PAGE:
TV review: Life’s Too Short, Season 1

Almost every Ricky Gervais/Stephen Merchant project has been on this blog at this point, so I will continue the tradition.  As a Harry Potter fan, I love Warwick Davis, and I was really excited to hear about this series.

This show is a lot like Extras.  The format is similar, the main character is very similar.  Instead of Ricky being the protagonist,  Warwick (pronounced Warrick, apparently) plays him.  He plays a warped and completely egotistical version of himself. Just like in real life, the Warwick from LTS is a famous dwarf actor, and he also runs a talent agency for little actors.  Unlike real life (at least, I assume), he’s kind of a dick.  He always wants to seem more famous than he is, more attractive than he is, more everything than he is.  The irony of the show’s premise is that it’s not his dwarfism that makes him insecure or unlikeable in any way. It’s his personality, his insecurity that makes him so ridiculous.  The Warwick from LTS is facing huge tax fees because his completely idiotic accountant has been doing his taxes wrong for years.  As a result, he is strapped for cash.  He is also, simultaneously, going through a messy divorce.  Ricky and Stephen are featured usually once per episode as Warwick comes to visit them to try to get work, advice, or even a loan.

Just like Extras, LTS features a TON of celebrities playing themselves–1 or 2 per week, typically.  The very first episode features Liam Neeson who tells Ricky & Steve that he wants to get into comedy.  What proceeds is too hilarious for words.

Other celebs include Johnny Depp, Helena Bonham Carter, Steve Carrell, Sting, and a lot of British celebrities I’m not that familiar with.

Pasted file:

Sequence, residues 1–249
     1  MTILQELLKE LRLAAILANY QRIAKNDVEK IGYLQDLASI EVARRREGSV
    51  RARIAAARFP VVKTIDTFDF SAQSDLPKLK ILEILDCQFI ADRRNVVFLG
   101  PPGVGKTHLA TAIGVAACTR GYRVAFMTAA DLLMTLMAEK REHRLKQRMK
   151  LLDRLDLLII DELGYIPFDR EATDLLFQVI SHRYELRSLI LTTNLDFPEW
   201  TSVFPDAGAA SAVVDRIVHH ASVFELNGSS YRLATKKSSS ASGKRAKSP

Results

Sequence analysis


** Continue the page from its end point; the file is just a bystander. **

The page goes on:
Also similar to Extras, Warwick is surrounded by idiots.  He has the dumbest assistant in the entire world, and, similar to Stephen’s character in Extras, Warwick has an accountant that is his only friend and also a complete moron.  On one hand, you know that Warwick is smarter than these people, but on the other hand, he is such an asshole that you know these are the people he deserves to be with.

It’s a very physical sort of humor in this show. Sometimes you don’t want to laugh, because of a sort of PC sense of guilt, but then you realize that Warwick (as a producer) wants you to laugh…and you cant really stop yourself anyway.  When Warwick is descending from his large SUV and falls, you’re not laughing at a small person in a large car.  You find yourself laughing at the ludicrousness of a small person feeling so insecure that only a large car will make them feel good enough. Here’s an example:

It’s a hilarious show, and made me really really love Warwick Davis (even more than I did).  My only complaint is that it is sort of following the Ricky & Steve formula at this point; the similarities to Extras are almost too much.  I just sort of wanted something different.  But, maybe this is because I just rewatched Extras.  After all, it’s been 7 years since that show was on TV, and since then, Ricky and Steve have done An Idiot Abroad and The Ricky Gervais Show, a few movies and comedy specials, etc.  And those were all very different from one another.  So it’s excusable. And, most importantly, it’s funny.


3 responses to “TV review: Life’s Too Short, Season 1

  1. Have to remember to look for this on DVD/Blu Ray when it comes out. Don’t have HBO. Anything created by Ricky and Stevie I’m sure is great fun to watch. I loved the phone call to Warwick by Karl Pilkington during Idiot Abroad when Karl was at the Dwarf Village.

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